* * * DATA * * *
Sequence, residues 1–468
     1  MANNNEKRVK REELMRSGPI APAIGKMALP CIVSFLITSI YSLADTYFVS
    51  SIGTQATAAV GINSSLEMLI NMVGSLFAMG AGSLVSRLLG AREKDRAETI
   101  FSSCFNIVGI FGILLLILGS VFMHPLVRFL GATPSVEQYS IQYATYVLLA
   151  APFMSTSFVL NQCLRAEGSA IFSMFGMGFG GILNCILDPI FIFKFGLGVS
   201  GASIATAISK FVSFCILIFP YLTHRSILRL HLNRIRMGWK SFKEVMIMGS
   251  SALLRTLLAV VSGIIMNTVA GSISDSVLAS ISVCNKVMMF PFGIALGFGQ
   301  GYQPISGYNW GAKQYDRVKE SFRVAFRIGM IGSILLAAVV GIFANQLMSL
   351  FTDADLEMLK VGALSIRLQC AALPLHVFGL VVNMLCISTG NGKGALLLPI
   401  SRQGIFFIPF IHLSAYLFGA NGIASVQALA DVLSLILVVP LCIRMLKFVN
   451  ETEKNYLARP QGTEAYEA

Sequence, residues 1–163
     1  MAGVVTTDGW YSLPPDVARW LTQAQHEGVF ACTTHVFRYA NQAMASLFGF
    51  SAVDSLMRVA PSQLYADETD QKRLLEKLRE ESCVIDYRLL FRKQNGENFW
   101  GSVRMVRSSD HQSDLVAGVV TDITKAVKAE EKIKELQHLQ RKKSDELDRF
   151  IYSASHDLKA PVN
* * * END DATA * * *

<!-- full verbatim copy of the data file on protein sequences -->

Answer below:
Sequence, residues 1–468
     1  MANNNEKRVK REELMRSGPI APAIGKMALP CIVSFLITSI YSLADTYFVS
    51  SIGTQATAAV GINSSLEMLI NMVGSLFAMG AGSLVSRLLG AREKDRAETI
   101  FSSCFNIVGI FGILLLILGS VFMHPLVRFL GATPSVEQYS IQYATYVLLA
   151  APFMSTSFVL NQCLRAEGSA IFSMFGMGFG GILNCILDPI FIFKFGLGVS
   201  GASIATAISK FVSFCILIFP YLTHRSILRL HLNRIRMGWK SFKEVMIMGS
   251  SALLRTLLAV VSGIIMNTVA GSISDSVLAS ISVCNKVMMF PFGIALGFGQ
   301  GYQPISGYNW GAKQYDRVKE SFRVAFRIGM IGSILLAAVV GIFANQLMSL
   351  FTDADLEMLK VGALSIRLQC AALPLHVFGL VVNMLCISTG NGKGALLLPI
   401  SRQGIFFIPF IHLSAYLFGA NGIASVQALA DVLSLILVVP LCIRMLKFVN
   451  ETEKNYLARP QGTEAYEA

Sequence, residues 1–163
     1  MAGVVTTDGW YSLPPDVARW LTQAQHEGVF ACTTHVFRYA NQAMASLFGF
    51  SAVDSLMRVA PSQLYADETD QKRLLEKLRE ESCVIDYRLL FRKQNGENFW
   101  GSVRMVRSSD HQSDLVAGVV TDITKAVKAE EKIKELQHLQ RKKSDELDRF
   151  IYSASHDLKA PVN